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Illinois Anti-ICEing law

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ICEing-in-Illinois-via-lanny-hartmannv2-750x438.jpgNot Cool (Image via Lanny Hartmann/PlugInSites.org)
Few places have laws against blocking an EV charging station with a non-electric vehicle. This is called “ICEing” by frustrated EV drivers. Thanks to a call from one of those frustrated drivers to his state representative, Illinois now has a law to fine and tow those ICE cars that block EV charging spots.
Enforceable at Public and Private Parking Areas
Effective January 1, 2016, any non-electric vehicle that is blocking a designated charging station can be towed and the owner fined $75. The penalty will apply on public and private parking areas open to the public.
Editor’s Note: Our thanks to Lanny Hartmann for penning this article for us. Lanny runs PlugInSites.org, a website that delivers news about electric car charging stations in DC, Maryland, Virginia & beyond. We encourage readers in the area to check it out!
Signed by Illinois Governor Bruce Rauner
Sony_Approved_eVgo_Chargers_1v3-350x233.jpgIllinois Looks To Keep EV Charging Spots Open For…EVs Only
Illinois Governor Bruce Rauner signed the “Anti-ICEing” legislation (HB-0198) on July 29, 2015 after it passed both houses of the legislature in May.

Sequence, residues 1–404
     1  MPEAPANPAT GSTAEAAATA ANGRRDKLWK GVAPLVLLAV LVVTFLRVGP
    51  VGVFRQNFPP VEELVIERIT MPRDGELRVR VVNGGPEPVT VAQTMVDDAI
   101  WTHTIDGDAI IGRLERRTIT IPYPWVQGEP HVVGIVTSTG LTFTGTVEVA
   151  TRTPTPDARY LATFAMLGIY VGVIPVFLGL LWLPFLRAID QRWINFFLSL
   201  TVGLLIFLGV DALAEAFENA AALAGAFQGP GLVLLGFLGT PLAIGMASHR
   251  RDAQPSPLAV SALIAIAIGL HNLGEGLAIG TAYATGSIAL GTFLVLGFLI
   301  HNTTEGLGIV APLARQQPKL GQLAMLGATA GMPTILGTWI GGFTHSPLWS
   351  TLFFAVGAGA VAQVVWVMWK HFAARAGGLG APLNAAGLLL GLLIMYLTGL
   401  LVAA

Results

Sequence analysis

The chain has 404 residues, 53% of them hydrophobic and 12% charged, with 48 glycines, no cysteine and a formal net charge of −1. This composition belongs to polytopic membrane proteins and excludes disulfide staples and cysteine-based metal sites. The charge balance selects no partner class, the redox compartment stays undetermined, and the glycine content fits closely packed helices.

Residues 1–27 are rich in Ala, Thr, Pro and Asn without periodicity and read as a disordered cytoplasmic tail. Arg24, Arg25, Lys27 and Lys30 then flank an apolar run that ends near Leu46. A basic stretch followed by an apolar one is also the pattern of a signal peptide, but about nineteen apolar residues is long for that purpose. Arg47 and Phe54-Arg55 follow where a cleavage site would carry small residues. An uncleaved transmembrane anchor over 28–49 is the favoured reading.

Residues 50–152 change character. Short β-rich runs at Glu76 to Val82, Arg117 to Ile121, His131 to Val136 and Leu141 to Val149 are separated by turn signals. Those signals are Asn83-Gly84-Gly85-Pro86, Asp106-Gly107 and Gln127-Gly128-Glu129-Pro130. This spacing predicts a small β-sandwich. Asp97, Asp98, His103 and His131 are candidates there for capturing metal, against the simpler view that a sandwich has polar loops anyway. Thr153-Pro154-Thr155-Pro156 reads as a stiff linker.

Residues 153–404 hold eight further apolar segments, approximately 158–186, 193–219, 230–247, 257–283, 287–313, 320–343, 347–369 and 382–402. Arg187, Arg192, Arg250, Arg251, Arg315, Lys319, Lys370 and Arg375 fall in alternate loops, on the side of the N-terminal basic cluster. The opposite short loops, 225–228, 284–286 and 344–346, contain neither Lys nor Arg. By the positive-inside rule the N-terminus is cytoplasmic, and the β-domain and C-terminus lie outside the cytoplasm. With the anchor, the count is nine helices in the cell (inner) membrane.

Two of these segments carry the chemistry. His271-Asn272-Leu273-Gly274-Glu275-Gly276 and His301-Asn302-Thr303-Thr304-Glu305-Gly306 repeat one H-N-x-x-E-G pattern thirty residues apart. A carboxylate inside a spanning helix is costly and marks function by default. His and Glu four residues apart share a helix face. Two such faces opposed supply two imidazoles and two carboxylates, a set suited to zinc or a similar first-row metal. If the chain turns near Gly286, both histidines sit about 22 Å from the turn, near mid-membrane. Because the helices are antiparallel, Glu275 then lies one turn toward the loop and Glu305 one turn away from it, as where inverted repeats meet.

The bill was sponsored by Rep. Robyn Gabel who told Chicago Channel 7 News, “A constituent called our office and was very upset. He said he went to park his electric vehicle in Northbrook in a parking lot where they had a charging station and there were non-electric vehicles parked in the spot. We did some research and we found that, in reality, no, most places do not have a fine for parking non-electric vehicles in electric parking spots. So we developed some legislation and passed it.”
Fines up to $100 by Local Municipalities
The new law will allow local municipalities to impose an even greater fine of up to $100 and says that the quality of the signage is not an excuse if a reasonable person would be made aware by the sign or markings that the space is for electric vehicles only.
“It shall not be a defense to a charge under this Section that the sign or notice posted at the electric vehicle charging station or the designated parking space does not comply with applicable rules, regulations, or local ordinances, if a reasonable person would be made aware by the sign or notice on or near the parking space that the space is reserved for electric vehicles.”
One Person Made a Difference
It’s important to note that an individual EV driver started the ball rolling on this law with just one well-placed phone call. Few jurisdictions in the U.S. have laws to prohibit non-electric cars from parking at EV charging stations however, there are plenty of EV drivers who are frustrated and angry about getting ICEd. The response of Illinois Rep. Robyn Gabel may inspire more EV drivers to contact their elected representatives and ask for similar legislation.
Starting January 1, 2016 people who park non-electric vehicles in spots reserved for an electric vehicle charging station in Illinois will be subject to a minimum $75 fine and get their car towed.
I have learned that in Ontario, Canada it can be enforced through "private property laws" but rarely is. In other words, as a property owner, you can decide who parks where, and you can legally tow those who don't comply. It's not quite the same as for handicapped spots where you are also legally required to enforce compliance.